Envisioning a Post-Prohibition World at Psymposia Psychedelics Conference

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Psymposia – Envisioning a Post Prohibition World

The snow has melted, spring is slowly regaining its grasp on life as flowers begin to bloom and people emerge from what has been one of the harshest winters ever in New England. It is fitting then, that an blossoming organization offers a springtime continuation of what the annual Horizons Conference in New York City brings to the Northeast in the fall. Psymposia – Envisioning a Post Prohibition World billed itself as a ‘new kind of drug conference,’ touting a diversified lineup of speakers that ranged from the well-known to some new and up and coming activists, researchers and enthusiasts from both the center and perhaps the fringe of the psychedelic research community.

Featuring a “Fresh Voices” section of speakers, the organizers of Psymposia stood out among other psychedelic conferences in their effort to include more members of the African American community and several women speakers, whose absence is noteworthy at similar events often featuring primarily white men from academia. “One of the things we’ve done that we believe in that we don’t think anyone else is doing is to bring those voices in,” says founding member and organizer Brett Greene. Not only did the conference include demographically diverse speakers, but a wide swath of topics ranging from psychedelic parenting to how sex work intersects with trip guides.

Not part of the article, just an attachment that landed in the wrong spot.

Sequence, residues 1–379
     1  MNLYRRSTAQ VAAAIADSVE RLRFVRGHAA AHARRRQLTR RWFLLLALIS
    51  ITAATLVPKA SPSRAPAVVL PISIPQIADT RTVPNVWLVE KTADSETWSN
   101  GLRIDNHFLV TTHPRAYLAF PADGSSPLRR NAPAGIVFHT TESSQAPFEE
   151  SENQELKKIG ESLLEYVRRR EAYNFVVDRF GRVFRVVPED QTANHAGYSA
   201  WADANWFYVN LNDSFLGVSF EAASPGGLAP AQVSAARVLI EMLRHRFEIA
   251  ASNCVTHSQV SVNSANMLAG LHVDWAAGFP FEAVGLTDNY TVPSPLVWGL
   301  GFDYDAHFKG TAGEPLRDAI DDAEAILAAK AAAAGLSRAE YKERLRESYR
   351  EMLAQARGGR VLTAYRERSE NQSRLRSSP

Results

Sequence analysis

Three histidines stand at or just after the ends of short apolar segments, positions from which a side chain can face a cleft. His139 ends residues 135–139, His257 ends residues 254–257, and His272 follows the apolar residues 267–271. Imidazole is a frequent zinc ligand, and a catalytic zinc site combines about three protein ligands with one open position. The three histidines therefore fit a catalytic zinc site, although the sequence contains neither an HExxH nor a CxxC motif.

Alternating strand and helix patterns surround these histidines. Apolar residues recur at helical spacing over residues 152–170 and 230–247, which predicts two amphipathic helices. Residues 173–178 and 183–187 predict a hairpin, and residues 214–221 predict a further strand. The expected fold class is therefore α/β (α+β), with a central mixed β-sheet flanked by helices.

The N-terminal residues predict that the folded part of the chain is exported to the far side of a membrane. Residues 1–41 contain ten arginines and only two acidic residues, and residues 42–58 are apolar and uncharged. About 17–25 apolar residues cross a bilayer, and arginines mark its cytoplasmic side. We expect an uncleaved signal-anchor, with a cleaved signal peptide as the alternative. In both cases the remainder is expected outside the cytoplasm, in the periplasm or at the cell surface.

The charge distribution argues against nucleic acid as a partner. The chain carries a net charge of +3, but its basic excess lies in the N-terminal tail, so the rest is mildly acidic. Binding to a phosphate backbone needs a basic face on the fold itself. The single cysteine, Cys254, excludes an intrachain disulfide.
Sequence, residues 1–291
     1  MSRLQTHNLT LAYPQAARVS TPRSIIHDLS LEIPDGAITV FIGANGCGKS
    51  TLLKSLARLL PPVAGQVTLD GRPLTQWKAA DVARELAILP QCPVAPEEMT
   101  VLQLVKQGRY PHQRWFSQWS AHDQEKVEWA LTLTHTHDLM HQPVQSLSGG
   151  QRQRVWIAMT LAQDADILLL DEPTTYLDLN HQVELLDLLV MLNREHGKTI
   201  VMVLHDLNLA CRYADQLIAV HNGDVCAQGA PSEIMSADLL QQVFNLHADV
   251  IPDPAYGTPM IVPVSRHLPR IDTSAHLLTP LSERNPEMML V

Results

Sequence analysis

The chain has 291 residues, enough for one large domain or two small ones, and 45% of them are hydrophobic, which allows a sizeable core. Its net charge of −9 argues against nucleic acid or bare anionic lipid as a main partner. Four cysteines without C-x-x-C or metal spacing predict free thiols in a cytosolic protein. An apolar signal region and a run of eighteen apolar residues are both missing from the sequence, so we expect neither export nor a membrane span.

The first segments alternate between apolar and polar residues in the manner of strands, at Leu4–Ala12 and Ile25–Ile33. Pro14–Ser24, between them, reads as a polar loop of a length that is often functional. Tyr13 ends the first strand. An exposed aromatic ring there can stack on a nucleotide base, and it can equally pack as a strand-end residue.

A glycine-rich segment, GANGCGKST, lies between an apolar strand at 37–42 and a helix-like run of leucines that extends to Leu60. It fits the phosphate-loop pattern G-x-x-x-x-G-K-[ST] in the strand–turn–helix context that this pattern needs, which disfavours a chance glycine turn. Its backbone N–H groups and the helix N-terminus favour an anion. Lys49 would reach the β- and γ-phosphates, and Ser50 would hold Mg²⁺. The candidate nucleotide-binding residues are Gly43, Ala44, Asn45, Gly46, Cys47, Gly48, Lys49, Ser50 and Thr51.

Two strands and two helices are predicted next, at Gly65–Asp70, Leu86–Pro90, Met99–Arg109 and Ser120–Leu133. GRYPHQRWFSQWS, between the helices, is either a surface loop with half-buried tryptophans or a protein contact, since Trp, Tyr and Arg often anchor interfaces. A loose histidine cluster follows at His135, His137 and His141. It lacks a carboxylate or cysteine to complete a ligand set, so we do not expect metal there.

Some of the more well-known speakers included Chris Kilham, who makes frequent appearances on Fox News and The Dr. Oz Show as ‘The Medicine Hunter,’ Earth and Fire Erowid whose contributions to the online library of information on drugs almost needs no introduction, and Dorion Sagan, award winning writer and son of the late Carl Sagan.

Listed below are some of the themes from the weekend.

  1. Intersectionality – Cognitive Liberty and Equality for All

A popular question that is often asked at conferences to the researchers of various psychedelic-assisted clinical studies is, “Have you ever taken [psilocybin, MDMA, etc.]?” Typically the answers are vague, indirect, and akin to a politician avoiding giving an answer that might damage their reputation or professional standing. Neşe Devenot took a bold approach by exclaiming, “My psychedelic identity is more important to me than my personal identity or my sexual identity.” Neşe gave a meticulously researched talk tying the criminal and stigmatized oppression that sparked both the civil rights and LGBT equality movements. Responding to criticism she received after her Reality Sandwich article about equivocating liberation across the psychedelic and LGBT communities, Neşe reemphasized the call for justice on various levels of intrusions of cognitive liberty.